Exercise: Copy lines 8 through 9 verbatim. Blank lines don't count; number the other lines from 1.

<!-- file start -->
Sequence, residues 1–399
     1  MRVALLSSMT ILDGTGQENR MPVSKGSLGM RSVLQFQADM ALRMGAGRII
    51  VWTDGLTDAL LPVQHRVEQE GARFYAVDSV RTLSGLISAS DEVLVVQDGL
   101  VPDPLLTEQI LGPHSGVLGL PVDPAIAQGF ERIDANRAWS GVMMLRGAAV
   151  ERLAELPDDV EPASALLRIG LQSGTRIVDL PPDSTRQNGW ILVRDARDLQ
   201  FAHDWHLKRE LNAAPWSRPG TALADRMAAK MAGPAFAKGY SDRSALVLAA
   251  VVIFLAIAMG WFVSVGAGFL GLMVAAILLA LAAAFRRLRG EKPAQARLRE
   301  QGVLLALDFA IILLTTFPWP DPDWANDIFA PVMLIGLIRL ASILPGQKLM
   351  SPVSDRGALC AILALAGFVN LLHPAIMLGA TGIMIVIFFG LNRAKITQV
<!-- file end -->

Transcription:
   301  QGVLLALDFA IILLTTFPWP DPDWANDIFA PVMLIGLIRL ASILPGQKLM
   351  SPVSDRGALC AILALAGFVN LLHPAIMLGA TGIMIVIFFG LNRAKITQV